A recent email exchange with someone who manages money professionally has lead to me to repost this piece I wrote some time ago. During the exchange I couldn’t convince them that not losing money was more important than trying to make it. It has always intrigued me how hard it is to get this point across to people. The notion of capital preservation along with only being in the market when the market tells you to enter are for me the two cornerstones of equities trading yet they are almost impossible to convince people of. And I am quite certain whilst I am up at the AIA Conference next week I will undoubtedly encounter more folks who simply dont get it.
The profession of trading or investing is an intriguing one . To the outside observer who comes from a discipline outside of finance or economics so much of what is taken for fact seems to be little more than half baked homilies that have been handed down from generation to generation. As with most narratives there seems to be scant evidence for things that are accepted as true.
Consider the chart below which has been taken from Funds Focus.
This image shows that if you had missed the best days in the All Ordinaries Accumulation Index for the period quoted that your performance would have dropped dramatically. The implication is therefore that you should stay continuously investing. In most cases this sort of image is used as justification to simply buy and hold. Such images are standard fare in both financial planning and funds management marketing. The market and the time period may changed but the basic message remains the same.
As initially compelling as this image may be it doesn’t actually convey the entire story of investing in a market. To get a sense of the entire story you need to look at the notion of worst days – what happens to your returns if you set out to manage your exposure to those periods when the market begins to swing down.
The notion of missing days is extremely impractical since it requires a remarkable fidelity in ones timing strategy. However, it is possible to generate techniques that can miss the worst months that a market may go through. The chart above looks at what happens to returns if you have missed those periods where the All Ordinaries Index went down 2.5% or more versus being in the market when the market climbed 2.5% or more. For the period quoted if we had missed the so called good times our return would have been -83.26%, if we had simply held the index our return would have been 91.71%. If we stopped the investigation at this point it would seem to justify the notion of being in the market all the time since being out of the market had damaged our return. Yet, this is not the entire story because if we had missed the bad periods our return is 3079.50%.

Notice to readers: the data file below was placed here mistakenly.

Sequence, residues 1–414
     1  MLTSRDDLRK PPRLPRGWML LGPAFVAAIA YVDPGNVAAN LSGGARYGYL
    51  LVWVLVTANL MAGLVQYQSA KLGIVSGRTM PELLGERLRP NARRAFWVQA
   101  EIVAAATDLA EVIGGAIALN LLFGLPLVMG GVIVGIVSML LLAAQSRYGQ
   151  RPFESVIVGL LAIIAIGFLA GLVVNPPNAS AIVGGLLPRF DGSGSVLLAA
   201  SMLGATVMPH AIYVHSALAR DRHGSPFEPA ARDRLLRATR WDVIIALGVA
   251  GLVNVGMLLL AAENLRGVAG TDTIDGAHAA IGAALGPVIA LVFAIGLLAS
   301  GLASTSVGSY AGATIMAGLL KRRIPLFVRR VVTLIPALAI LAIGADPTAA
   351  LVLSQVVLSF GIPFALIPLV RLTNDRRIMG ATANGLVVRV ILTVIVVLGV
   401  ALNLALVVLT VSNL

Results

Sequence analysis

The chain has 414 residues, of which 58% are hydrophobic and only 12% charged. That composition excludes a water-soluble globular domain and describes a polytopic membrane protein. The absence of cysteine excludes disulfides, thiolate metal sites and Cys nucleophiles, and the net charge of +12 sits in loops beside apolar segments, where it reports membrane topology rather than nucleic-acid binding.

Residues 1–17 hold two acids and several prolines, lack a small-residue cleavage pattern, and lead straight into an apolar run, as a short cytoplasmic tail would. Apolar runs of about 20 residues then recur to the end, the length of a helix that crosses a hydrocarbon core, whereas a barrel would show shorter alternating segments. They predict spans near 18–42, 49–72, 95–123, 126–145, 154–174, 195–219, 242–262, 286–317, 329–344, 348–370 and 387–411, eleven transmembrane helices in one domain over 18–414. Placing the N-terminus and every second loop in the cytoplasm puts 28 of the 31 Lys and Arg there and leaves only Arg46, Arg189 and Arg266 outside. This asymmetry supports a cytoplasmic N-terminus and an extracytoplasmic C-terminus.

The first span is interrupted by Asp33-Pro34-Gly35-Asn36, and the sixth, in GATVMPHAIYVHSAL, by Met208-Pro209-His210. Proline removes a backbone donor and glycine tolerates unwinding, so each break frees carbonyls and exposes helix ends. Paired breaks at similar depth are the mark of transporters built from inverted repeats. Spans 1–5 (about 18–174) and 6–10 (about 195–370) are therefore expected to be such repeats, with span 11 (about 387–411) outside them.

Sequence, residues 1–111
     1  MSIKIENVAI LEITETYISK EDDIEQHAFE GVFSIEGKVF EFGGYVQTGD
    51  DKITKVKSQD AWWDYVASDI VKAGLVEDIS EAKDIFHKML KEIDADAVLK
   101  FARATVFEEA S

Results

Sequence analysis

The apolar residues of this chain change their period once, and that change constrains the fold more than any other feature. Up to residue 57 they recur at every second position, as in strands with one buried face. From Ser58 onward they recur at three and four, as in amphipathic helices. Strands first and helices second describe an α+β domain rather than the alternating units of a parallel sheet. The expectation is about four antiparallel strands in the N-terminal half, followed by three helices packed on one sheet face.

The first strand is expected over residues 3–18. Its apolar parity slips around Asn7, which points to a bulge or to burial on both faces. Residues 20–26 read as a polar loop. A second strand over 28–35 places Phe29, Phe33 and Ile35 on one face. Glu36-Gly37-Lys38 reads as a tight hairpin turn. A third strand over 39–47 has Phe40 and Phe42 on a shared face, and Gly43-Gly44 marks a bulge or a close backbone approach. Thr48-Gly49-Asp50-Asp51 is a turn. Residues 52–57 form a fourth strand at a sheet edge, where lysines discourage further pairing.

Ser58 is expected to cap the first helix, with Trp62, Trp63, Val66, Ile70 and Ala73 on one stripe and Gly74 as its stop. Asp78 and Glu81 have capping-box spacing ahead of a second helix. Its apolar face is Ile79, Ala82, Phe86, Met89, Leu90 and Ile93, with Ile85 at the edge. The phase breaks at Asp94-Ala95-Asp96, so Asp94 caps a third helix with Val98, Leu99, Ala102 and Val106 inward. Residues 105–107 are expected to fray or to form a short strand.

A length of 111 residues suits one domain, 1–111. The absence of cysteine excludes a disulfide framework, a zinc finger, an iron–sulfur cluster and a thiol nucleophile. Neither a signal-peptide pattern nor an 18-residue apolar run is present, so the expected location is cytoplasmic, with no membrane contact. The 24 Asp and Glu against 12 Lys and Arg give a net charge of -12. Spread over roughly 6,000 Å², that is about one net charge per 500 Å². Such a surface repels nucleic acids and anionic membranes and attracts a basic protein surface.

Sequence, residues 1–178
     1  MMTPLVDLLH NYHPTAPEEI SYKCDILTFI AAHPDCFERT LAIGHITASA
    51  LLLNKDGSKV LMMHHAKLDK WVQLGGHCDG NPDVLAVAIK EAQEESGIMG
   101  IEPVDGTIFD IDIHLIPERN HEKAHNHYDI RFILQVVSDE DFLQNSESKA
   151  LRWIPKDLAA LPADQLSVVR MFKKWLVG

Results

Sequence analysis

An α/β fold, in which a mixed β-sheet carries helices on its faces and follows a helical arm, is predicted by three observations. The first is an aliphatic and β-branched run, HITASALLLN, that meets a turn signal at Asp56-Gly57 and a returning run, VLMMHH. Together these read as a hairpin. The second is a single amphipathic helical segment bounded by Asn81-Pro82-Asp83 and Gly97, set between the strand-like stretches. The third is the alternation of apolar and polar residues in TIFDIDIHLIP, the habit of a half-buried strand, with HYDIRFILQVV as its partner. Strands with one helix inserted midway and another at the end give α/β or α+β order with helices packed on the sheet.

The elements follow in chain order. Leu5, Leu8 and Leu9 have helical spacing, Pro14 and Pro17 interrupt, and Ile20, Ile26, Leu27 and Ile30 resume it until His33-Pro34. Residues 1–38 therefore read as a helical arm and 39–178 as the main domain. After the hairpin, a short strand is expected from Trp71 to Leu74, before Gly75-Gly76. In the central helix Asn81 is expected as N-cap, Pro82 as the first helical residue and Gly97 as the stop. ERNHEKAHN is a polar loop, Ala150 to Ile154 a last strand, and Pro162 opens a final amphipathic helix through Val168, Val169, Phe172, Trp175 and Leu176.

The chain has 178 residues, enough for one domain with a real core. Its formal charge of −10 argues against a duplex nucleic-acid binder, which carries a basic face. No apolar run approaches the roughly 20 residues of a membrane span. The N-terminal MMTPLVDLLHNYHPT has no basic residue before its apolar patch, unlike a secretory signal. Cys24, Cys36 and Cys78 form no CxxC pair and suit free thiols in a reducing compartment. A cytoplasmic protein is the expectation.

The reason for this difference in return is simple. Losses matter more than gains, a 10% loss cannot be made up by a 10% gain – it takes 11.1% to return to your starting point. The unyielding harshness of this can be seen in the chart below.
All good traders know that that the preservation of capital is far more important than the making money. It is also one of the few things within that control of traders. The return we generate is dictated by forces outside our control but we can control how much is lost on individual positions. We can only make whet the market is willing to give us but we can decide how much we are willing to lose on any given investment.
The differential I generated between missing good periods and bad periods is unrealistic but it does serve to illustrate that the notion of being in the market all the time is extremely flawed and in part is explanation for the appalling rate of return of domestic fund mangers. What is of more importance to those investing in markets is to understand that losing money is more important than making it. Trading or investing is largely about being able to play a good defence. There are very few absolutes in markets but one thing is clear. If you have no money you cannot play and whilst being seduced by some of the childish homilies that abound in markets might not send you completely broke it will guarantee that your returns are ordinary.